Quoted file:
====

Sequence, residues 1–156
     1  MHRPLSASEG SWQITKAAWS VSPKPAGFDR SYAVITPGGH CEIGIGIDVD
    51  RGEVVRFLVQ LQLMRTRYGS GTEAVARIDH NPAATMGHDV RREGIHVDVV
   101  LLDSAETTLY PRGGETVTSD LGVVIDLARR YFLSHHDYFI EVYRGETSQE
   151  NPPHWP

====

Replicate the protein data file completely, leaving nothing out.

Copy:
Sequence, residues 1–156
     1  MHRPLSASEG SWQITKAAWS VSPKPAGFDR SYAVITPGGH CEIGIGIDVD
    51  RGEVVRFLVQ LQLMRTRYGS GTEAVARIDH NPAATMGHDV RREGIHVDVV
   101  LLDSAETTLY PRGGETVTSD LGVVIDLARR YFLSHHDYFI EVYRGETSQE
   151  NPPHWP